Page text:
“Can’t decide which genre to lean more toward”
DON'T LOOK UP (2021)
THE "IMDB" PREMISE:
"Two low-level astronomers must go on a giant media tour to warn mankind of an approaching comet that will destroy planet Earth."
OUR [TO THE POINT] REVIEW:
Don’t Look Up left me with mixed emotions - but mainly a rather large bag of confusion. Going in with no knowledge of what you’re about to experience is the best way to go into this film, because it will blindside you at every turn. Loaded with a stunning cast, including the likes of Leonardo DiCaprio, Jennifer Lawrence, Meryl Streep, and Jonah Hill, it felt unlike anything any of these Oscar winning/nominated actors have done in the past. However, just because it’s different doesn’t make it soar out of the park. The problem with the film isn’t with the actors, or even the characters, but it’s with Adam McKay’s direction. Coming off the political mind-takedown that was Vice, and prior to that his remarkable look into the house market crash with The Big Short, Don’t Look Up is his first film after he let Ron Burgundy go in The Legend Continues for him to be doing an entirely fictitious story based on what could happen in our political climate. He attempts to meander through small details from all his previous works; it’s almost as though he has lost himself.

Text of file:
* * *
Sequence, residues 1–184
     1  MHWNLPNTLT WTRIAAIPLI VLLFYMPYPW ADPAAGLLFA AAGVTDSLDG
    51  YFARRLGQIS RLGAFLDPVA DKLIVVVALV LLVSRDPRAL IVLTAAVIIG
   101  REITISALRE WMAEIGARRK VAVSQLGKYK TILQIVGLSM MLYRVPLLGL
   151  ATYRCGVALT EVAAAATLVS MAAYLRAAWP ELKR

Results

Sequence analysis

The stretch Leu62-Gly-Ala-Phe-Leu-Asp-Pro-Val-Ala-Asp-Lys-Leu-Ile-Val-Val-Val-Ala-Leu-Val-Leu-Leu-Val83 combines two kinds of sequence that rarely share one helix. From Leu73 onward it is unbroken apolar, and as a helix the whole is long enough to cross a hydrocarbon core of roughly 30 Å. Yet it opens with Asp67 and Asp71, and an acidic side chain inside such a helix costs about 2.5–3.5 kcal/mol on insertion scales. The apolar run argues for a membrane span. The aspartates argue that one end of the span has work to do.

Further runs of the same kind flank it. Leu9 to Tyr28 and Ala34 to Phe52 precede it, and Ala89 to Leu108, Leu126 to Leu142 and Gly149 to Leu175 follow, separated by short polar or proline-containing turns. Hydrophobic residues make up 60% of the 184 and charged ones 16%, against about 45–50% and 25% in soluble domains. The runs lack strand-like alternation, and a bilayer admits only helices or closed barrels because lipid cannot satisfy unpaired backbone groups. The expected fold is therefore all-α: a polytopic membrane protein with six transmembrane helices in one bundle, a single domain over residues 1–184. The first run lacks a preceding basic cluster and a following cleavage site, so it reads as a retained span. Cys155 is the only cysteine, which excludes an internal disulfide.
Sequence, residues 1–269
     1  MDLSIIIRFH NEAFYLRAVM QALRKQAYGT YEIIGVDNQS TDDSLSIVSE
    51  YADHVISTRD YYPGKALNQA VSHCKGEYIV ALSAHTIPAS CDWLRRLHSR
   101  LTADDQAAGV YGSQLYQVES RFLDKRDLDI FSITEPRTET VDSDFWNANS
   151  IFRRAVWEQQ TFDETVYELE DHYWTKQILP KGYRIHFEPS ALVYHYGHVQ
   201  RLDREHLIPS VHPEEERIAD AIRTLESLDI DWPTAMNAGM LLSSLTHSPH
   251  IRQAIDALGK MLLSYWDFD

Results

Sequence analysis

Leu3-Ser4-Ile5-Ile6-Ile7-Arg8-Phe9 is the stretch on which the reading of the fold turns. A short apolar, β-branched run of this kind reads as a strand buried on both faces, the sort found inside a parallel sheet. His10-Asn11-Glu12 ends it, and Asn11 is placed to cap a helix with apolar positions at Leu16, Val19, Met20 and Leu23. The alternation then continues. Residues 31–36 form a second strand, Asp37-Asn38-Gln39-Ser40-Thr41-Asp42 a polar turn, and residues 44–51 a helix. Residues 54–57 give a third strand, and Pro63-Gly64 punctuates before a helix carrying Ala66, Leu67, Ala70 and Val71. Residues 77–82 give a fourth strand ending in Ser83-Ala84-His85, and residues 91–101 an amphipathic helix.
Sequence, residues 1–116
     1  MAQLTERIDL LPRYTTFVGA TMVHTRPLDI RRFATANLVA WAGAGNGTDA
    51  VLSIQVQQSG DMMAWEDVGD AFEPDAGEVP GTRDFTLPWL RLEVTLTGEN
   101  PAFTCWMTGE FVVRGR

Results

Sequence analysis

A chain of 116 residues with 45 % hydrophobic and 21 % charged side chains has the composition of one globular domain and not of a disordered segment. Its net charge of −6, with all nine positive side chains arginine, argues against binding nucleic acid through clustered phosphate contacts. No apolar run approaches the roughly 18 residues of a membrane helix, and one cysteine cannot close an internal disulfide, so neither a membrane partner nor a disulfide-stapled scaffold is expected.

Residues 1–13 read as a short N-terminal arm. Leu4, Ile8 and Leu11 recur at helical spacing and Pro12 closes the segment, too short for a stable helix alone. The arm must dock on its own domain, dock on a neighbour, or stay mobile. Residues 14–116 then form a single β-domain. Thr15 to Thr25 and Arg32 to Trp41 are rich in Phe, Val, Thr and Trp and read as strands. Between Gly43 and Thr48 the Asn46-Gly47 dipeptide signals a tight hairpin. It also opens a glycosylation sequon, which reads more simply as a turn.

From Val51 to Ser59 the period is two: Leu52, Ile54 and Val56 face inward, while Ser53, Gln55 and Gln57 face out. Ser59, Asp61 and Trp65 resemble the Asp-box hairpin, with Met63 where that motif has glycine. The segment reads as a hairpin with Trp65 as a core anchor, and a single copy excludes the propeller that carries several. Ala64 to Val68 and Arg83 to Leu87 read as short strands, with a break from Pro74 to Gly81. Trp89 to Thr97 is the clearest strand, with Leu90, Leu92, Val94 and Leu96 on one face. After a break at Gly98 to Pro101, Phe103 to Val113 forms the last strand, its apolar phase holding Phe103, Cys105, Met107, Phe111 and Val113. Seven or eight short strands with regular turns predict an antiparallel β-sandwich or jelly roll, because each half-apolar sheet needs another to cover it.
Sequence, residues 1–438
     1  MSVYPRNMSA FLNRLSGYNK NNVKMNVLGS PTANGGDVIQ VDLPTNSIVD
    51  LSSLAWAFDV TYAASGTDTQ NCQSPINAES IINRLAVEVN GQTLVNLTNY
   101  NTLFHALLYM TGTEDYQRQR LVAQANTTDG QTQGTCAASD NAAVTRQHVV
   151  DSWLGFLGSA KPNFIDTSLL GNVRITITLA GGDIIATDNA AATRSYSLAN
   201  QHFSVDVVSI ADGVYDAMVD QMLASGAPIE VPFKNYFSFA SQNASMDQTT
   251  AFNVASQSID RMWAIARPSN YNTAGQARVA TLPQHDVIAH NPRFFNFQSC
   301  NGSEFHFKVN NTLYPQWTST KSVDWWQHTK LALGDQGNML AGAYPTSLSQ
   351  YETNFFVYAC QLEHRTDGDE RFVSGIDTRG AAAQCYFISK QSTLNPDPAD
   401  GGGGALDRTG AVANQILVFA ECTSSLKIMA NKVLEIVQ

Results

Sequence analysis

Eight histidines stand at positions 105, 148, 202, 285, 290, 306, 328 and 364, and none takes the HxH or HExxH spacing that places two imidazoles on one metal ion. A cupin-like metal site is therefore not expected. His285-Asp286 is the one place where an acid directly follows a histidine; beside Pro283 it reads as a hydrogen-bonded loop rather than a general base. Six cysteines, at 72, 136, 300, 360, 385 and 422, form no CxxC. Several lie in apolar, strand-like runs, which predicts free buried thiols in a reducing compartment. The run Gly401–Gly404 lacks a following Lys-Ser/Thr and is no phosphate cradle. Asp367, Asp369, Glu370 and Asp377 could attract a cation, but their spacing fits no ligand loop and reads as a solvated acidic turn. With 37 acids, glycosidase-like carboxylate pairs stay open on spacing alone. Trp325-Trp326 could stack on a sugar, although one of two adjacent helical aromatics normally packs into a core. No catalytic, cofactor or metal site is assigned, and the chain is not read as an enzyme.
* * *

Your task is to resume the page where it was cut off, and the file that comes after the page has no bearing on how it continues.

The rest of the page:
The issue is this: it has good characters with DiCaprio’s Randall and Lawrence’s Kate, but it’s the political nature of the subject matter that McKay feels the need to drive home in every other scene which just winds up striking a nerve; that’s coming from someone that’s fed up with the entirety of politics. The disaster elements are strong, the relationships they gain and lose during their trial to make everyone aware of their catastrophic discovery is captivating, but Streep and Hill’s political caricatures weigh the film down. Who lies in the middle however is the talented Mark Rylance taking on a socially awkward, potentially sociopathic tech billionaire. He works particularly well in the role, and alongside all involved he stands out positively.
With a numbing 145 minute runtime, Don’t Look Up is stretched at every instance. This supports strong character development for DiCaprio’s Randall, however at a certain point Lawrence’s Kate is pushed into a distant B-plot, showcasing its confused pacing decisions in the process. Don’t Look Up has a stunning final moment, but it is hindered with a “humorous” credits scene that downgrades the feeling of dread we are meant to feel with unnecessary comedy. If you decide to watch, go in knowing it’s a dramedy that can’t decide which genre to lean more toward, and that is its ultimate downfall.